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AveXis gains EU Orphan Drug designation for gene therapy treatment in spinal muscular atrophy

24 June 2015  •  Author: Victoria White

AveXis, a gene therapy company developing treatments for rare and life-threatening genetic diseases, has announced that the European Medicines Agency (EMA) has granted Orphan Drug designation to its gene transfer therapeutic currently in clinical development for the treatment of type 1 spinal muscular atrophy.


ChariSMA is currently in a fully-enrolled Phase 1 clinical trial for the treatment of spinal muscular atrophy.  Infants with spinal muscular atrophy are born with a mutated or malfunctioning gene on the 5th chromosome, reducing production of a key protein called survival motor neuron. Survival motor neuron is required in motor neurons that control muscles involved in breathing, sitting up and swallowing.  ChariSMA is a genetically-modified virus that inserts replacement survival motor neuron genes.

The Company received Orphan Drug designation for ChariSMA in the United States in October 2014.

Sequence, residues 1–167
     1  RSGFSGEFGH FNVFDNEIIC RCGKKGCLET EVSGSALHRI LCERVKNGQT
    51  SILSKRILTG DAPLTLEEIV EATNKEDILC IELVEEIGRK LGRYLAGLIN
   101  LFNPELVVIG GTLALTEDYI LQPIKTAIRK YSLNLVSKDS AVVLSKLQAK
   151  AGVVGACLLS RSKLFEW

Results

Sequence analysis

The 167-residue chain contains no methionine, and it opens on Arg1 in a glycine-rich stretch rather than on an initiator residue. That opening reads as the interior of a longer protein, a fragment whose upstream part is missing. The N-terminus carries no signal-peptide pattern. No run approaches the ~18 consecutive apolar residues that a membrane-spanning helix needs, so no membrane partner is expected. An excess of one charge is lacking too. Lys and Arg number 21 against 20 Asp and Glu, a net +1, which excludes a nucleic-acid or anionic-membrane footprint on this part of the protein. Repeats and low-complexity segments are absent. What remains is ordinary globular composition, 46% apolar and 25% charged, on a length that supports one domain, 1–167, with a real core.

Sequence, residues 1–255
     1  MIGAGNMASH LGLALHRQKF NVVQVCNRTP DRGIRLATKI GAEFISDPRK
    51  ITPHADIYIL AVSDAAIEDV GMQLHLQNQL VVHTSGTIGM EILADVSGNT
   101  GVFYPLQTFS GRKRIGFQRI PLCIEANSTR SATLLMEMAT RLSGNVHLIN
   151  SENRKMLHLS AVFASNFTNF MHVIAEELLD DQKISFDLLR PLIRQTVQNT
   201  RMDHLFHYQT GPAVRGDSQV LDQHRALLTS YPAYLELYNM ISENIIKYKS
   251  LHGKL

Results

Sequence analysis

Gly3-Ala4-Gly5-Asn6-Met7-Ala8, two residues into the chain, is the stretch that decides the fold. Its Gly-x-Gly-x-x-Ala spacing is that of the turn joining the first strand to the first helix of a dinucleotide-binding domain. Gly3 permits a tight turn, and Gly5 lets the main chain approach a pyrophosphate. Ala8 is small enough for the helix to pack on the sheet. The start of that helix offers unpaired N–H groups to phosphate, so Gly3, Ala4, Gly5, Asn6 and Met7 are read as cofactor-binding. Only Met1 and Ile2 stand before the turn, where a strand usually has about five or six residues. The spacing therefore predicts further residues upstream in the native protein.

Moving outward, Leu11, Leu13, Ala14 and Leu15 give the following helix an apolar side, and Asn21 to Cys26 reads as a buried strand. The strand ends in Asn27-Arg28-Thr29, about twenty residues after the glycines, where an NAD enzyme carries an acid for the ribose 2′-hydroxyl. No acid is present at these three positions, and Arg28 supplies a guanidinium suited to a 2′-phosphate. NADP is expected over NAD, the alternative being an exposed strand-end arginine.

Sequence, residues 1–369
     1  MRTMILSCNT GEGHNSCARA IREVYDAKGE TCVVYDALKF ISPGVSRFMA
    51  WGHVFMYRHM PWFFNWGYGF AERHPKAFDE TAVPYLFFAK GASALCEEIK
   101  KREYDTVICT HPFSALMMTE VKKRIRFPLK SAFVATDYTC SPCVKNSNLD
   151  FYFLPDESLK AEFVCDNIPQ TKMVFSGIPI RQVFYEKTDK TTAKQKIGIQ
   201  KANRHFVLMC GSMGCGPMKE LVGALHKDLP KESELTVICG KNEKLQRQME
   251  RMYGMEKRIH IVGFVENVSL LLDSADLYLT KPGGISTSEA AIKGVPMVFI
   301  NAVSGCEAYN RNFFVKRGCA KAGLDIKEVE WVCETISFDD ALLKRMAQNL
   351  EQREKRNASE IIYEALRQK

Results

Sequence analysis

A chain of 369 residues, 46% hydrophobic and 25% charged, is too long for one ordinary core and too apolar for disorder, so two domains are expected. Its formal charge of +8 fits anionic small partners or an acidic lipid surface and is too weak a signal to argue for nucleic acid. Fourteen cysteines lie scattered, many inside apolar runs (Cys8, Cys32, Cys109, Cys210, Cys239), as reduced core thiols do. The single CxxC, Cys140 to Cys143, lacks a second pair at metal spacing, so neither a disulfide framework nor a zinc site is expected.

Important step for AveXis spinal muscular atrophy development programme

The EMA grants Orphan Drug designation to medicines intended to treat, prevent or diagnose life-threatening and debilitating diseases, with a prevalence no greater than five in 10,000 in the European Union (EU). There are between 25,000 and 50,000 spinal muscular atrophy patients in the United States, Europe and Japan combined. Following Orphan Drug designation, sponsors can access a number of incentives including protocol assistance, scientific advice and receive regulatory exclusivity for a ten-year period following approval.

“Receiving Orphan Drug designation for our investigational medicine in the EU is an important regulatory milestone in the advancement of our development programme for spinal muscular atrophy,” said Sean P. Nolan, chief executive officer of AveXis. “We look forward to continuing dialogue with global regulators as we work to develop this treatment for patients suffering from spinal muscular atrophy around the world.”

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